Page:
WAS THE HOUSE SPEAKER LISTENING?
WOMAN WHO CAME FORWARD WITH SEX HARASSMENT ALLEGATION ASKS WHY MADIGAN TOOK MONTHS TO FIRE AIDE
A political consultant said she knew she’d be risking “everything” by coming forward with allegations of sexual harassment against a top political aide to powerful state House Speaker Mike Madigan.
And while the speaker’s attorney on Tuesday defended a threemonth investigation that led to the firing of Kevin Quinn, the accusations from the former campaign worker are exposing a loophole in the way sexual harassment claims are treated within political campaigns and operations versus among government employees.
The consultant, Alaina Hampton, first told Ald. Marty Quinn that his brother was harassing her a year ago, calling a discussion with her political mentor about his brother’s behavior “the hardest thing I have ever done in my life.”
But she said she was unhappy with the handling of the matter — even after she had left Madigan’s political organization — deciding to handwrite a letter to the speaker and mail it to his Southwest Side home to ensure he saw it.
Some 100 days later, Madigan on Monday announced Kevin Quinn’s firing after Heather Wier Vaught — a private attorney who previously served as his chief legal counsel— conducted an investigation that included interviews and a review of text messages Kevin Quinn sent to Hampton.
Madigan didn’t name Hampton as the accuser on Monday but hailed her as a “courageous woman.”
But on Tuesday, Hampton had no praise for Madigan, suggesting that he was asleep at the switch.
“The speaker has had the letter for three months. It doesn’t take three months to read those text messages and know that that behavior was inappropriate. It would take all of 20 minutes to know that that was sexual harassment,” Hampton said.
The allegations sparked a barrage of complaints from Democratic gubernatorial candidates and from Republican candidate state Rep. Jeanne Ives. But J. B. Pritzker chose his words carefully, praising Hampton for “unimaginable courage” — with nary a mention of the speaker.
Businessman Chris Kennedy, and Ives, both called for Madigan to step down, albeit Kennedy’s request was for him to “temporarily” step down as head of the party until a thorough investigation could be conducted.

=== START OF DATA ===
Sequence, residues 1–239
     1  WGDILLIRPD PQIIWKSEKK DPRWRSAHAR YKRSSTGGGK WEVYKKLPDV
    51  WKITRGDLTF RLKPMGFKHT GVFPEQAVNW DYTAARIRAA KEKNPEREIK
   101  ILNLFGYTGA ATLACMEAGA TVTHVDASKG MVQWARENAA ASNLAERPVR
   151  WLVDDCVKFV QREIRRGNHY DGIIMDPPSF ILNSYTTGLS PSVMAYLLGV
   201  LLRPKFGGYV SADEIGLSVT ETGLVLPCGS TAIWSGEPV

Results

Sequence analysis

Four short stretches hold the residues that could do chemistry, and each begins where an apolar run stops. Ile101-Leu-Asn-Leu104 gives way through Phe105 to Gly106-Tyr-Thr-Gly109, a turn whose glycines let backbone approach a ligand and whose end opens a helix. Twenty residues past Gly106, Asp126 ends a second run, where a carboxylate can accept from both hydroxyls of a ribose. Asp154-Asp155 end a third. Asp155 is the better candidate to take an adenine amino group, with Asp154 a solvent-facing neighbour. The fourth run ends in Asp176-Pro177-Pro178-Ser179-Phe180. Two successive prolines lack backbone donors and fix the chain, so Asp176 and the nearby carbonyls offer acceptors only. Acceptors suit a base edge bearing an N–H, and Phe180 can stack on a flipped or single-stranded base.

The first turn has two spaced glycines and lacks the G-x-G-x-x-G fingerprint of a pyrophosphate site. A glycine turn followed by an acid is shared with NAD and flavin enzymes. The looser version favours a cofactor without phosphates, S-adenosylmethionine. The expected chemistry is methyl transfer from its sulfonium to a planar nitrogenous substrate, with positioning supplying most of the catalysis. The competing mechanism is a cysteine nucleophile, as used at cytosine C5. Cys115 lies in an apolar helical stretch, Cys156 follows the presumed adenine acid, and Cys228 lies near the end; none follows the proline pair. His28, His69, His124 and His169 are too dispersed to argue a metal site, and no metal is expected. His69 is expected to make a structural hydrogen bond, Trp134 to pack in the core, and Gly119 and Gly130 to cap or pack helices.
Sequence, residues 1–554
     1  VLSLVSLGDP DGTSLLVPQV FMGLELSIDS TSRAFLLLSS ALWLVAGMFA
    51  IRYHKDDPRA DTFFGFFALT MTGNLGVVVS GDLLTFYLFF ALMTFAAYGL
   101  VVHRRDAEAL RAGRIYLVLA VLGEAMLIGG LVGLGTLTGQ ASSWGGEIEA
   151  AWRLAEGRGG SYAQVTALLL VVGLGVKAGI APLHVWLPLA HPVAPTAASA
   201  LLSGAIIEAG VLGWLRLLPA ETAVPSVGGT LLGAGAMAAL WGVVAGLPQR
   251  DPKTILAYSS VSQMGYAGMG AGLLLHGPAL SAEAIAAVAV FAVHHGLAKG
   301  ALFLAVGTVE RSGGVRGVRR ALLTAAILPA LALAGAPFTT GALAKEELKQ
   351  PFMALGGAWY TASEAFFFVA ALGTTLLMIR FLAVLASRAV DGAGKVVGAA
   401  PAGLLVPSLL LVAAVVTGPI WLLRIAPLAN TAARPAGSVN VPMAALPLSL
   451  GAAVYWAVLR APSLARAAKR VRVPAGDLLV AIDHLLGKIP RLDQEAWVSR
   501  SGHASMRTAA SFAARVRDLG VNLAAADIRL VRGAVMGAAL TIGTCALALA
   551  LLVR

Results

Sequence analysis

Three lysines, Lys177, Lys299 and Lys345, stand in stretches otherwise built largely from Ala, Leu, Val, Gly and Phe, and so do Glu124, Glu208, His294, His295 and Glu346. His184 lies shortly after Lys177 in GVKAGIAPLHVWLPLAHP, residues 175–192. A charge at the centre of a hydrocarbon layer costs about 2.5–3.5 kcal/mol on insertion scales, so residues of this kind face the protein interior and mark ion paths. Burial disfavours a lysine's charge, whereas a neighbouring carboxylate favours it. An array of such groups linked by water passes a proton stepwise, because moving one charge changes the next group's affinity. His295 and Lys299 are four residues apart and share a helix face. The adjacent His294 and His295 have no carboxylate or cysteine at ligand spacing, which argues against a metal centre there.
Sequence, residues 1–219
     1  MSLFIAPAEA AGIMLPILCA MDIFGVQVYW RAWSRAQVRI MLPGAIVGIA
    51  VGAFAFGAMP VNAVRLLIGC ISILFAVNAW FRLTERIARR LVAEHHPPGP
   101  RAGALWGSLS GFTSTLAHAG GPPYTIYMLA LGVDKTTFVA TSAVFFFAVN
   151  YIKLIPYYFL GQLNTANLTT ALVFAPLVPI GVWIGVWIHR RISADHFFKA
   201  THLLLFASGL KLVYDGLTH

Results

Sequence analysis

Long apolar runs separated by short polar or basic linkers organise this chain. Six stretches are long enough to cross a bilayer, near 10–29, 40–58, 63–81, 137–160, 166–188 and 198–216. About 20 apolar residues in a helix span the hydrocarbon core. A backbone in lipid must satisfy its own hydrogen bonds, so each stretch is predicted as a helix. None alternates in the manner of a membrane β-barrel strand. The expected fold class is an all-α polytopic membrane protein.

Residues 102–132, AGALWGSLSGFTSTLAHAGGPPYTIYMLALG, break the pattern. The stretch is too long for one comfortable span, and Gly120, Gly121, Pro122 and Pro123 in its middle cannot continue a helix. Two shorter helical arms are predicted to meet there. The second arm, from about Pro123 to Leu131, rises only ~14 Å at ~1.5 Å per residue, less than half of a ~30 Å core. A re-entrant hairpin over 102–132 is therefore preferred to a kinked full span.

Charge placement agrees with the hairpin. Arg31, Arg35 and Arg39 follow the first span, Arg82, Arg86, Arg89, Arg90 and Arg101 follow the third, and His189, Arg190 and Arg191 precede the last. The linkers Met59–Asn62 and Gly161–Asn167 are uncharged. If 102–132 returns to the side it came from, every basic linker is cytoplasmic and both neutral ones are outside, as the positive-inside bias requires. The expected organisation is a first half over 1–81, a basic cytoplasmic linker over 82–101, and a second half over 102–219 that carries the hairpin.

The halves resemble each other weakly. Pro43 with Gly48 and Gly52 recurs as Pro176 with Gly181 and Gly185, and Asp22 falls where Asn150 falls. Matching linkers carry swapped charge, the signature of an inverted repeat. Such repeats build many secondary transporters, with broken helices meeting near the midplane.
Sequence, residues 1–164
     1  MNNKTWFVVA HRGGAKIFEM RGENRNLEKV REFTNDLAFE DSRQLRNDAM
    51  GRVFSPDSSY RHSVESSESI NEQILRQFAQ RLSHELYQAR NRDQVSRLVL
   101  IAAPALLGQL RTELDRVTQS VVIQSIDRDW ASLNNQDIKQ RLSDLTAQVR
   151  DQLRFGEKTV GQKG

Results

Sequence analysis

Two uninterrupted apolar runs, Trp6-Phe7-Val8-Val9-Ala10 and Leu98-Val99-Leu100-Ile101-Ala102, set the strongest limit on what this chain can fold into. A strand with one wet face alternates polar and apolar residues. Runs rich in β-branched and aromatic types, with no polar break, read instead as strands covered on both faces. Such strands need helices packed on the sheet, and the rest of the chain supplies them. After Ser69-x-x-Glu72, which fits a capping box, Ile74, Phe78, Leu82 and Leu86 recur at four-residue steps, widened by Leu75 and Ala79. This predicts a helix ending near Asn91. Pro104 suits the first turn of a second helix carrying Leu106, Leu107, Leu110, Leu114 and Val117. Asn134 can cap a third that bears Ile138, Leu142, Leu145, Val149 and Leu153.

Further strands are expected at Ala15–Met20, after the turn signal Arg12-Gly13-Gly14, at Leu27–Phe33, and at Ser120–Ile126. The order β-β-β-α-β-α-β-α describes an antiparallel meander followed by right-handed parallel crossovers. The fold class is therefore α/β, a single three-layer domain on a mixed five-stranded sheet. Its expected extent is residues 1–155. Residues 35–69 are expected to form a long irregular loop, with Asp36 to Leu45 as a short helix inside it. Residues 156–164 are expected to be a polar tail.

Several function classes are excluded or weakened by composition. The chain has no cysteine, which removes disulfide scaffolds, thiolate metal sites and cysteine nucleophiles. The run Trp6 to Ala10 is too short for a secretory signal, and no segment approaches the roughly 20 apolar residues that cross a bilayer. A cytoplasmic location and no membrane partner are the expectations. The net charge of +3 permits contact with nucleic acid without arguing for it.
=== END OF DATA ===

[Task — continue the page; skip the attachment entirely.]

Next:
Gubernatorial candidate state Sen. Daniel Biss, D- Evanston, also criticized the timing of the firing.
Speaking with reporters in Springfield on Tuesday, Madigan categorically denied that the firing was announced Monday because Hampton had spoken to the Chicago Tribune: “I deny that,” Madigan said.
As for calls for him to resign as the head of the party, the speaker said he’s not going anywhere — saying he will remain a “strong force against the [ Gov. Bruce] Rauner radical right agenda.”
At an earlier Chicago news conference, Hampton said she had never wanted to go public.
“I asked him to stop seven times. It never stopped,” she said of Kevin Quinn’s repeated text messages. “I feared not responding to my supervisor because I didn’t want him to tell the speaker or Ald. Quinn that I was not cooperating with my work. My first instinct was not to complain about him. It was my last option.”
Hampton, Ald. Quinn said in a statement, had “asked for my discretion, and indicated she did not want others to know about the situation, and that Kevin not be further reprimanded. I told her I would make sure he never contacted her again.”
Ald. Quinn, too, said he didn’t tell the speaker because he was “attempting to protect” her privacy and honor her wishes: “I thought I took swift action and handled the matter as she requested,” he said in the statement.
A spokeswoman for Hampton questioned the timing of Kevin Quinn’s dismissal, coming a day after she spoke with the Chicago Tribune.
But Wier Vaught on Tuesday said she had no knowledge that Hampton had spoken to the media. She said Kevin Quinn left both his political and state positions last week.
“Questions started swirling as to where is Kevin Quinn, and we wanted to make it clear to people that this type of behavior wouldn’t
be tolerated,” she said.
Wier Vaught said the investigation required a “thoughtful and fair review,” saying she was confident that itwas an isolated incident and Kevin Quinn wasn’t sending inappropriate texts to other women.
Wier Vaught said Madigan received the letter at his home betweenNov. 6 andNov. 8. She spoke to Hampton for the first time in an hourlong phone conversation on Nov. 13. She met with her on the 15th, and the two shared four conversations in total.
Wier Vaught said her investigation concluded in mid- January and that “termination isn’t something you can do quickly.”
Hampton said: “I don’t have . . . protections as a political worker. I don’t work for the government. I only work on campaigns.” Email: tsfondeles@ suntimes. com Twitter: @ TinaSfon
MORE AT SUNTIMES. COM Read more texts and listen to Alaina Hampton outline her complaints against Kevin Quinn.